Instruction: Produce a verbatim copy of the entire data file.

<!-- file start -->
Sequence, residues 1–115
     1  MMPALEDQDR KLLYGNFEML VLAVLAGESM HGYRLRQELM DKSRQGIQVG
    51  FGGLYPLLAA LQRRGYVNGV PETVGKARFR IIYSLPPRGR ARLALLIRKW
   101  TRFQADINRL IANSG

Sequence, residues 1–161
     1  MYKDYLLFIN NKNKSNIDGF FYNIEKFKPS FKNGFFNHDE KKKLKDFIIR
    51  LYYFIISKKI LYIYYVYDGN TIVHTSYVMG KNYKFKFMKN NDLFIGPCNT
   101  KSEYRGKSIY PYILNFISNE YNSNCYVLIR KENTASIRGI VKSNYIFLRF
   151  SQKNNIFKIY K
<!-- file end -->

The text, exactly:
Sequence, residues 1–115
     1  MMPALEDQDR KLLYGNFEML VLAVLAGESM HGYRLRQELM DKSRQGIQVG
    51  FGGLYPLLAA LQRRGYVNGV PETVGKARFR IIYSLPPRGR ARLALLIRKW
   101  TRFQADINRL IANSG

Sequence, residues 1–161
     1  MYKDYLLFIN NKNKSNIDGF FYNIEKFKPS FKNGFFNHDE KKKLKDFIIR
    51  LYYFIISKKI LYIYYVYDGN TIVHTSYVMG KNYKFKFMKN NDLFIGPCNT
   101  KSEYRGKSIY PYILNFISNE YNSNCYVLIR KENTASIRGI VKSNYIFLRF
   151  SQKNNIFKIY K